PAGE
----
New York City’s Waldorf Astoria hotel is set to become the biggest prize yet for buyers from China who have been pouring money into U.S. real estate as they seek stable investments outside their country.

Beijing’s Anbang Insurance Group Co. agreed to pay $1.95 billion for the 1,232-room tower on Park Avenue, an Art Deco landmark and one of Manhattan’s signature properties. That would be the highest price for a single existing hotel in the country, and the most paid for a standing U.S. building by a Chinese buyer, said Kevin Mallory, global head of the hotels unit of commercial real estate brokerage CBRE Group Inc.

“We’re seeing a diversification strategy being employed by insurance companies and others, and it’s also true when it comes to private Chinese investors,” he said in a telephone interview. “We’ve seen a lot of wealth generated there over the last decade, and we see see private investors diversifying their portfolio around the globe.”

The Waldorf deal follows such high-profile New York acquisitions as Shanghai-based Greenland Holding Group Inc.’s purchase this year of a 70 percent interest in the Atlantic Yards project in Brooklyn. In late 2013, billionaire Guo Guangchang’s Fosun International Ltd. paid $725 million for lower Manhattan’s 1 Chase Manhattan Plaza, the former headquarters of Chase Manhattan Bank.

GM Building

Earlier last year, a group including Zhang Xin, co-founder of Shanghai’s Soho China Ltd., took a 40 percent stake in midtown Manhattan’s General Motors Building, one of New York’s most-valuable office towers, said Doug Murphy, director of analytics at Real Capital Analytics Inc., a research firm that tracks commercial real estate sales. That $1.4 billion deal was the largest Chinese purchase of a U.S. building before the pending Waldorf sale, he said.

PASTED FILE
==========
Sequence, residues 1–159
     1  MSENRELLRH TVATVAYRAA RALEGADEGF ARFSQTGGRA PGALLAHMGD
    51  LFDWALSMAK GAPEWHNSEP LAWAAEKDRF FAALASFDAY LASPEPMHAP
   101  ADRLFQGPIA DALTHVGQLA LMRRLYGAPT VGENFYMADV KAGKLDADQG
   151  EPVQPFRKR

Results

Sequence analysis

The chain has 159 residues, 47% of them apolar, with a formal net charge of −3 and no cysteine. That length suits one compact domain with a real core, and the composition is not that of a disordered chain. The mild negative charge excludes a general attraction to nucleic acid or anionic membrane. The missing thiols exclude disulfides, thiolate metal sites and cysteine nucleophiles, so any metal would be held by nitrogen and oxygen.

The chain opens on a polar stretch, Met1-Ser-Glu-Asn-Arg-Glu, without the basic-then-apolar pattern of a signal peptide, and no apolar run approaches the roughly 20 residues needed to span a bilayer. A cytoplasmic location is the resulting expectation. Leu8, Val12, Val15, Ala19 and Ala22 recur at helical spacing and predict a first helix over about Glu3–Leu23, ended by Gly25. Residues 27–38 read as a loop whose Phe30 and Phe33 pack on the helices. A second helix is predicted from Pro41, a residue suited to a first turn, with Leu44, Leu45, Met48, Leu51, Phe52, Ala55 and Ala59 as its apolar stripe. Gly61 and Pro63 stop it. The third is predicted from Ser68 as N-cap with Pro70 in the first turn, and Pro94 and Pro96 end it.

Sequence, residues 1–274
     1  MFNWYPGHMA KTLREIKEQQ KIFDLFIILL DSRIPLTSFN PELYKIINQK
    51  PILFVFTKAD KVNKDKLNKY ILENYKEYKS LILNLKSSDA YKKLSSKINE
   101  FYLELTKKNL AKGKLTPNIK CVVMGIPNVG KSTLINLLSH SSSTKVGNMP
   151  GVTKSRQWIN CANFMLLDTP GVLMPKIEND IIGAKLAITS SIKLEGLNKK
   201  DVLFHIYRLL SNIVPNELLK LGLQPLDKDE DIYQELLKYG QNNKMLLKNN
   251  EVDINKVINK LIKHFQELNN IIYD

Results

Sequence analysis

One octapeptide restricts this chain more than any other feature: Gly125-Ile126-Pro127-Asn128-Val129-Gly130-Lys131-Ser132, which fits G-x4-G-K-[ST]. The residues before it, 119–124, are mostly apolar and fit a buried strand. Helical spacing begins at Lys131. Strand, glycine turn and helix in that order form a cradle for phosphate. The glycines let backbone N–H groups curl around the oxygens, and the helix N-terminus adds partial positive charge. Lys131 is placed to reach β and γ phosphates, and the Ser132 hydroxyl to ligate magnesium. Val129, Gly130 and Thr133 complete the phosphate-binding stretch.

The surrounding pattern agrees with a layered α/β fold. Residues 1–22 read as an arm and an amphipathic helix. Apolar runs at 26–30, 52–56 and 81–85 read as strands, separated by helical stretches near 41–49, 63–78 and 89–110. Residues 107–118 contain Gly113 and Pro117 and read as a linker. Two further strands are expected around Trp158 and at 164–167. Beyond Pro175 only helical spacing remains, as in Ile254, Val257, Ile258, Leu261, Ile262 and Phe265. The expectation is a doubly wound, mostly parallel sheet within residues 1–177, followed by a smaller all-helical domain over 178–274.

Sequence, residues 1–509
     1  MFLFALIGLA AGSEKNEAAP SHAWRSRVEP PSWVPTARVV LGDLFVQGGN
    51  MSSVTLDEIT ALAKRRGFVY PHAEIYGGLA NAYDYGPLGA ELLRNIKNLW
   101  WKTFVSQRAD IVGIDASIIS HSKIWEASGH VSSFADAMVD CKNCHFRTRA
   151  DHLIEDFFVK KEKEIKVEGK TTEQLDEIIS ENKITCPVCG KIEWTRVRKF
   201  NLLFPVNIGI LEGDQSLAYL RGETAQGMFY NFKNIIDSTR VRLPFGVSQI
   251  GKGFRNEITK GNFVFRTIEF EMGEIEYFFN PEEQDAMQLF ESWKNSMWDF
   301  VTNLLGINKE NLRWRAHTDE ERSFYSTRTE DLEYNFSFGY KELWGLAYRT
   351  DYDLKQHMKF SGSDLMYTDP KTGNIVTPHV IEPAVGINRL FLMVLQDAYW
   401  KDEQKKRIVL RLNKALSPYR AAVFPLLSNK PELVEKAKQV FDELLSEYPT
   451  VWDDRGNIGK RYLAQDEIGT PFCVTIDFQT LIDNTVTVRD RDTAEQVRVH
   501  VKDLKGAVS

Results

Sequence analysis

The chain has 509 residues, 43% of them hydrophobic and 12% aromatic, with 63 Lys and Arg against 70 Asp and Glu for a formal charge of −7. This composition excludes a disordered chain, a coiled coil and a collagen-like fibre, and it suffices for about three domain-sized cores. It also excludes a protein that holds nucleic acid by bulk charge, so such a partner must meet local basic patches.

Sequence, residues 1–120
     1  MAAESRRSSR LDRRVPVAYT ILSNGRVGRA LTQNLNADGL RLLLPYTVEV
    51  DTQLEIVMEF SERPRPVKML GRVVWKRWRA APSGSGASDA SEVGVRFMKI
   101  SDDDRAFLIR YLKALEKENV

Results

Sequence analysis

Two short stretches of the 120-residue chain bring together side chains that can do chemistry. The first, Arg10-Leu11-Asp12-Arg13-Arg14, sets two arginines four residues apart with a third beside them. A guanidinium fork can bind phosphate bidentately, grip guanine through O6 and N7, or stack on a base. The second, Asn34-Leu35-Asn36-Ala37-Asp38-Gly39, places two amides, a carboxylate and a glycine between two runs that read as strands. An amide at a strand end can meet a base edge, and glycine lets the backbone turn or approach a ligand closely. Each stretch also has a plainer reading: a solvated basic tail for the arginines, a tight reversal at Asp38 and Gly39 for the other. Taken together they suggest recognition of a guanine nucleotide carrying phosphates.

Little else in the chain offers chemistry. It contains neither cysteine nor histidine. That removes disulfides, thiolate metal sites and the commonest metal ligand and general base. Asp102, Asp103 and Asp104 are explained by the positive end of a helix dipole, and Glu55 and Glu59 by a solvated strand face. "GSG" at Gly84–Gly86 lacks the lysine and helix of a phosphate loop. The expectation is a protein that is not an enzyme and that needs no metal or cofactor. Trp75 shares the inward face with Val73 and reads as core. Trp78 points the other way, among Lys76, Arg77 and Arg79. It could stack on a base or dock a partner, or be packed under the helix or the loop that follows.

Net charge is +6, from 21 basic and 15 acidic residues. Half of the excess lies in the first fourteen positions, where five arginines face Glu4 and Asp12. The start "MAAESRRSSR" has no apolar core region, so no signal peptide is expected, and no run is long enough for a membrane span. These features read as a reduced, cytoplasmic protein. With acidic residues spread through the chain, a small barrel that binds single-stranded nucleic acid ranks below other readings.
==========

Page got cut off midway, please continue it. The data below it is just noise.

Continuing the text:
Including Anbang’s purchase of the Waldorf from Hilton Worldwide Holdings Inc., Chinese investors will have bought $2.7 billion of New York-area real estate in 2014, topping last year’s $2.6 billion, according to Real Capital.

In the past couple years, the Chinese government has allowed the country’s insurance companies to allocate a portion of their funds into global real estate, Mallory said. With concerns about volatility in the property market at home, New York and and other major markets around the world, including London and Paris, “tend to be safe havens for any global investor,” he said.

–With assistance from Nadja Brandt in Los Angeles and Heather Perlberg in Washington.

To contact the reporter on this story: David M. Levitt in New York at dlevitt@bloomberg.net. To contact the editors responsible for this story: Kara Wetzel at kwetzel@bloomberg.net.

Photo Credit: Interior of Waldorf Astoria Towers in New York. Waldorf Astoria